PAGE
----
Specifically, ASHI members may not:

(a) Reveal the contents of an inspection report to anyone but the client without the client's prior consent;
(b) Be involved in any real estate activity from which they might benefit financially as a result of their inspection work;
(c) Use the inspection as a vehicle to obtain repair or related work on the house;
(d) Offer an opinion or evaluation on any subject with which they are not sufficiently familiar and experienced.

It is by its members' strict adherence to this Code of Ethics that ASHI has been able to develop and maintain the high standard of excellence which has come to be associated with membership in ASHI.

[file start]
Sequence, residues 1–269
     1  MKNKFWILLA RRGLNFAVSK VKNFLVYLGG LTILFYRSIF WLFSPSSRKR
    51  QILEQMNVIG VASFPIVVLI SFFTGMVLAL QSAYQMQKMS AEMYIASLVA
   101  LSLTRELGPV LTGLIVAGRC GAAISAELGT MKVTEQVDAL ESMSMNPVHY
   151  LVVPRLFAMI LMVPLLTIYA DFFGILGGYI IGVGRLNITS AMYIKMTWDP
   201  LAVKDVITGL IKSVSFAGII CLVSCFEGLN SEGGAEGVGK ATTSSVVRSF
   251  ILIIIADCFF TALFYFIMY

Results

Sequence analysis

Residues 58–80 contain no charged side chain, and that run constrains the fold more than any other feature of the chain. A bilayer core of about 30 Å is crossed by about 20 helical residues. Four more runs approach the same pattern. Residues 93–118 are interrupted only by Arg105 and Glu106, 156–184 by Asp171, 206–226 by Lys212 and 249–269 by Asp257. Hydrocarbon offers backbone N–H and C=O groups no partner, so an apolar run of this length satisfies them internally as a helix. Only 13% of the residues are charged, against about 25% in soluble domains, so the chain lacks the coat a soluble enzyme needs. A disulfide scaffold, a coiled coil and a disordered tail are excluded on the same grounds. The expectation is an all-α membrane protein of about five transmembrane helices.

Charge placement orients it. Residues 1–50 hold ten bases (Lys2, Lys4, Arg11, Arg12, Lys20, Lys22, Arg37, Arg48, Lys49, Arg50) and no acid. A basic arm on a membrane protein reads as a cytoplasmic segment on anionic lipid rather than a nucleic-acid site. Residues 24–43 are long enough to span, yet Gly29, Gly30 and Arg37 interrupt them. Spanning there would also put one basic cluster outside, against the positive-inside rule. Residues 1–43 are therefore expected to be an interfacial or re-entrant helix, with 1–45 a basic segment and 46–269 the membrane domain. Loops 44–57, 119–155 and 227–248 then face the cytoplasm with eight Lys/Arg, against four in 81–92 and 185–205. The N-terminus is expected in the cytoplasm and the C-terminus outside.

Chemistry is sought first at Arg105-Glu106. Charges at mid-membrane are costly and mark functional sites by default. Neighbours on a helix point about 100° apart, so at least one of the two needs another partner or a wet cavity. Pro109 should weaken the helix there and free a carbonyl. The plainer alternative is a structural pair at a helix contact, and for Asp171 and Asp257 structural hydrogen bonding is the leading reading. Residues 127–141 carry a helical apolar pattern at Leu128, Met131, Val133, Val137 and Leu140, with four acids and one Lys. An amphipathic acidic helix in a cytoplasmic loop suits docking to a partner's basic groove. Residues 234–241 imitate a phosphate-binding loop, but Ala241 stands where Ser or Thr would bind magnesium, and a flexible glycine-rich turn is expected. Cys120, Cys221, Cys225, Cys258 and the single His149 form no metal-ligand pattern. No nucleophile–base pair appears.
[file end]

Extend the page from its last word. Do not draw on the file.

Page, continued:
How much does an Inspection Cost?

The inspection fee will vary depending on the size of the house, age of the house, complexity of the house and whether you wish to have additional tests done, such as septic, well, or radon testing. You should keep in mind that the cost of an inspection is very low when compared to the overall cost of the investment you are considering and the potential cost of future repairs. Perhaps even more important, is the sense of security and safety gained for you and your family.